Availability of data and materials

The data that support the findings of this study are available from the National Clinical Research Center for Geriatrics, West China Hospital, but restrictions apply to the availability of these data, which were used under license for the current study and are not publicly available. Data are, however, available from the corresponding author upon reasonable request and with permission of the National Clinical Research Center for Geriatrics, West China Hospital.

Abbreviations

SPRINTT:

Sarcopenia and physical frailty in older people: multicomponent treatment strategies

RR:

Relative risk

OR:

Odds ratio

CI:

Confidence interval

WCHAT:

West China Health and Aging Trend study

BMI:

Body mass index

CLTPAQ:

China leisure time physical activity questionnaire

AWGS:

Asian Working Group for Sarcopenia

SMI:

Appendicular skeletal muscle index

MNA-SF:

Mini Nutrition Assessment-Short Form

SD:

Standard deviation

IQR:

Interquartile range

IMAT:

Intermuscular adipose tissue

IMCLs:

Intramyocellular lipids

ROS:

Reactive oxygen species

JNK:

c-jun N-terminal kinase

IKK:

IκB kinase

p38-MAPK:

p38-mitogen-activated protein kinase

CRP:

C reactive protein

IL-6:

Interleukin-6

TNF-α:

Tumor necrosis factor α

mTORC1:

Mammalian target of rapamycin

NF-κB:

Nuclear factor kappa-B

MuRF1:

Muscle atrophy F-box

MAFbx:

Muscle ring-finger protein 1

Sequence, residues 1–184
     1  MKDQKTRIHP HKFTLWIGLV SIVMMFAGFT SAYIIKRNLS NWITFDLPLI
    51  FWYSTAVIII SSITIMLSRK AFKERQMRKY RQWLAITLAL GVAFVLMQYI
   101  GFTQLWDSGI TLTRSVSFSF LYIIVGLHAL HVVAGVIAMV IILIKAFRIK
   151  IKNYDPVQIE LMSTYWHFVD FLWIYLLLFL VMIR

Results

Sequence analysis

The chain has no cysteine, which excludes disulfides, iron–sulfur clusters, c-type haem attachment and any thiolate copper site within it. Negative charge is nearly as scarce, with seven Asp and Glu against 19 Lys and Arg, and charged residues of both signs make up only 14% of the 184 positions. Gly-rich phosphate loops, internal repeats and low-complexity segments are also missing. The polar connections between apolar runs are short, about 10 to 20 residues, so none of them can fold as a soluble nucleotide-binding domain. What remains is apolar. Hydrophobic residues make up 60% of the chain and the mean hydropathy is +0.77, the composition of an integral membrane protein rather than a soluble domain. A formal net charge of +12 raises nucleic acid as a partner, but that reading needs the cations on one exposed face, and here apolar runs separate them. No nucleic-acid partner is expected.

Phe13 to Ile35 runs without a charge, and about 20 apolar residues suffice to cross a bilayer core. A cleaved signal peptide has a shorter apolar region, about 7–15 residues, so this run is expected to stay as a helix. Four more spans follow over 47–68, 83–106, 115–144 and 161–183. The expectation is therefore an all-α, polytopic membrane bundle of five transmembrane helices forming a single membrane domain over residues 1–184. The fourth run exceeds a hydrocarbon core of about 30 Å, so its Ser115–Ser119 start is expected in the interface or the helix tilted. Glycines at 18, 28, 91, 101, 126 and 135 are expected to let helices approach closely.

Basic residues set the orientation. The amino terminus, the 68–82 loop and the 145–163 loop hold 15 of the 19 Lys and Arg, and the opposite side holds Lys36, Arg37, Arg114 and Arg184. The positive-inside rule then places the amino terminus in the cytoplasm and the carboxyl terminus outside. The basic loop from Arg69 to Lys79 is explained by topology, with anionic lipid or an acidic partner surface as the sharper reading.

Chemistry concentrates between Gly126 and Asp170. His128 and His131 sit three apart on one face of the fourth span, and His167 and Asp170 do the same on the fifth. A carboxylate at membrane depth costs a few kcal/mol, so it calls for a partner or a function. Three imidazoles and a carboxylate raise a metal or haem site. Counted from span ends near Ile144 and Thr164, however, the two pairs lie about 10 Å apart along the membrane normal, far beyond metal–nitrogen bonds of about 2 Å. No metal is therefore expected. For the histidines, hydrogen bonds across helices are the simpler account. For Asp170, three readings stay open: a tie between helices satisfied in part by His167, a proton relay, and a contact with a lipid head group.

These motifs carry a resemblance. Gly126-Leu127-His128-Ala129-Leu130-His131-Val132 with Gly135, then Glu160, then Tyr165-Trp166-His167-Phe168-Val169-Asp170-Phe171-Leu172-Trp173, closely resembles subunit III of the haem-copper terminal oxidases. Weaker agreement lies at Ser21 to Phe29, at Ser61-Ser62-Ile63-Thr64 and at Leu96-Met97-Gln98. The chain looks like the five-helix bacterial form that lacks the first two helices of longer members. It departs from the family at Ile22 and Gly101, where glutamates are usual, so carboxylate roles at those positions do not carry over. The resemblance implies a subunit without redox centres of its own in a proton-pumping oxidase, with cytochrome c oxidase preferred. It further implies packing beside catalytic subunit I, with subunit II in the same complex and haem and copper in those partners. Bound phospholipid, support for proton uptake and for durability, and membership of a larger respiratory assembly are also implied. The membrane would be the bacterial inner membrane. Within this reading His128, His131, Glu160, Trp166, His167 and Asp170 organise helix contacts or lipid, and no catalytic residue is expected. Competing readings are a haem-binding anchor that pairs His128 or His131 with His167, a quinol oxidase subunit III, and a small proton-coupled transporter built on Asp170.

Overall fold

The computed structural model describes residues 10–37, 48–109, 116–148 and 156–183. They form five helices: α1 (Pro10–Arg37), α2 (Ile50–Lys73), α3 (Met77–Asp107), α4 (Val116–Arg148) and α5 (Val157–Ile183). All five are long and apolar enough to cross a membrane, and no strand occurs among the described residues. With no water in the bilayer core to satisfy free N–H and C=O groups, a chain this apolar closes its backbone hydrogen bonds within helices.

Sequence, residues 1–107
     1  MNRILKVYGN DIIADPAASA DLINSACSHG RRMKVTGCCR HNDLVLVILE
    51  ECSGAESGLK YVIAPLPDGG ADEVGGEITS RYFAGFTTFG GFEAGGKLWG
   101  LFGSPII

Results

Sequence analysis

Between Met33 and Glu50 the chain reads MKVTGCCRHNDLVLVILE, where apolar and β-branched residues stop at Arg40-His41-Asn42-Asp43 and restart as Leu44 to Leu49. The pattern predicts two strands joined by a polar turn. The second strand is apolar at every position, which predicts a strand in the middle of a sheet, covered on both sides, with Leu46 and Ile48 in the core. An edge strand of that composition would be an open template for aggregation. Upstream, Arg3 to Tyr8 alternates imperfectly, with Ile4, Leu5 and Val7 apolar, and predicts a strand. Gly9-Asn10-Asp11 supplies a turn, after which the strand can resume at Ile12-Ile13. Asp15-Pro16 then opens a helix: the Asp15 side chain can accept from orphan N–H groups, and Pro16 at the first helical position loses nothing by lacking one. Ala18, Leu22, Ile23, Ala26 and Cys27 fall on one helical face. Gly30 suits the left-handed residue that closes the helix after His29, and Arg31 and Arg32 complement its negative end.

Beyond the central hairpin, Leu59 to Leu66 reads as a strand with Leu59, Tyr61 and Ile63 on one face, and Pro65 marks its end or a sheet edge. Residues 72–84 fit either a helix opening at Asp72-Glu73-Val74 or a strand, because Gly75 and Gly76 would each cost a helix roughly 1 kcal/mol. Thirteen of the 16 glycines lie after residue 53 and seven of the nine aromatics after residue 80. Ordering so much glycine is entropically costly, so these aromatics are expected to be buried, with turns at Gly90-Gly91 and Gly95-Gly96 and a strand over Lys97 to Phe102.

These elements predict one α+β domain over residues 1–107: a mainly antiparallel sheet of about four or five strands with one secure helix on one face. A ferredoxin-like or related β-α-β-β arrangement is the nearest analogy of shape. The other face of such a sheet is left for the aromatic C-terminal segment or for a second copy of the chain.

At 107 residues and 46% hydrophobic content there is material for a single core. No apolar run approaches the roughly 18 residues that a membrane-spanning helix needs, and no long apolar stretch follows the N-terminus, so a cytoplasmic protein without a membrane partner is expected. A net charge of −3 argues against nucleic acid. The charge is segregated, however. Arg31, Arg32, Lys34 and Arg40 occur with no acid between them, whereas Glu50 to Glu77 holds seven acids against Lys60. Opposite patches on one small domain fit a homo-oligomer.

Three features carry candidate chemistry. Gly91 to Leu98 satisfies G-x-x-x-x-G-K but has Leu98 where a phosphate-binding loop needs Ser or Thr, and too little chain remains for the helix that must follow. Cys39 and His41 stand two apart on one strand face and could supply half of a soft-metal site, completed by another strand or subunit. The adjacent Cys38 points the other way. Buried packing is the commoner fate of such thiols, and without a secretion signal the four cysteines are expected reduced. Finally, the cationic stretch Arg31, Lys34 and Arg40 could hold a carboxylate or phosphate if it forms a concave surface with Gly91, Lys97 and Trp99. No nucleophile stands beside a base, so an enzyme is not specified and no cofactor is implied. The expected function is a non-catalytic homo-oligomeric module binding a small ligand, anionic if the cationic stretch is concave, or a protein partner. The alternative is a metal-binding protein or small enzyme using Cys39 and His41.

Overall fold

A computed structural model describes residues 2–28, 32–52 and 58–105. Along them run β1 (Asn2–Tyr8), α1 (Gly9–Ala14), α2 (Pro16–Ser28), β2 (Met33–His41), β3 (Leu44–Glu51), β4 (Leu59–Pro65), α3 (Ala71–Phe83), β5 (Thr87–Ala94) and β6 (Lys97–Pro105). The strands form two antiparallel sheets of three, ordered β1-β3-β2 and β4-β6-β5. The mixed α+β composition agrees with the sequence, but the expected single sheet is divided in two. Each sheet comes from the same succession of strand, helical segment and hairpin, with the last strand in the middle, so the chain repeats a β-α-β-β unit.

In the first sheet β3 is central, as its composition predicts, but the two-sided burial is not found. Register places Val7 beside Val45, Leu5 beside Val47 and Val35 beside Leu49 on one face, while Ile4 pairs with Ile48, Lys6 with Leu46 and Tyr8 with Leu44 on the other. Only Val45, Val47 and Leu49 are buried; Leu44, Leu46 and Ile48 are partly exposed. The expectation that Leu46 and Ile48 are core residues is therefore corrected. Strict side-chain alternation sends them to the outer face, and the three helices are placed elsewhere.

NA:

Nonapplicable

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Acknowledgements

We thank all the participants for their contribution in the WCHAT study.

Funding

This work was funded by the National Key R&D Program of China (2020YFC2005600, 2020YFC2005602 and 2017YFC0840101); “Chengdu Science and Technology Bureau Major Science and Technology Application Demonstration Project” (2019YF0900083SN); National Clinical Research Center for Geriatrics, West China Hospital, Sichuan University Z2021JC003.

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Authors

Contributions

MY formulated the research question, designed the study, analyzed the data, and drafted the paper. MH, YZ, WZ, MG, SJ, and XS designed the study, analyzed the data, and revised the paper. BD assisted with formulating the research question, interpreting the data, and supervising the quality of the paper. All authors reviewed, provided feedback to, and confirmed the final version of the manuscript.

Corresponding author

Correspondence to Birong Dong.

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The study was approved by the Ethics Committee of West China Hospital, Sichuan University (reference: 2017–445). All participants gave written informed consent before enrollment in the study.

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Yang, M., Hu, M., Zhang, Y. et al. Sarcopenic obesity is associated with frailty among community-dwelling older adults: findings from the WCHAT study. BMC Geriatr 22, 863 (2022). https://doi.org/10.1186/s12877-022-03617-z

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Keywords

  • Sarcopenic obesity
  • Frailty
  • Older adults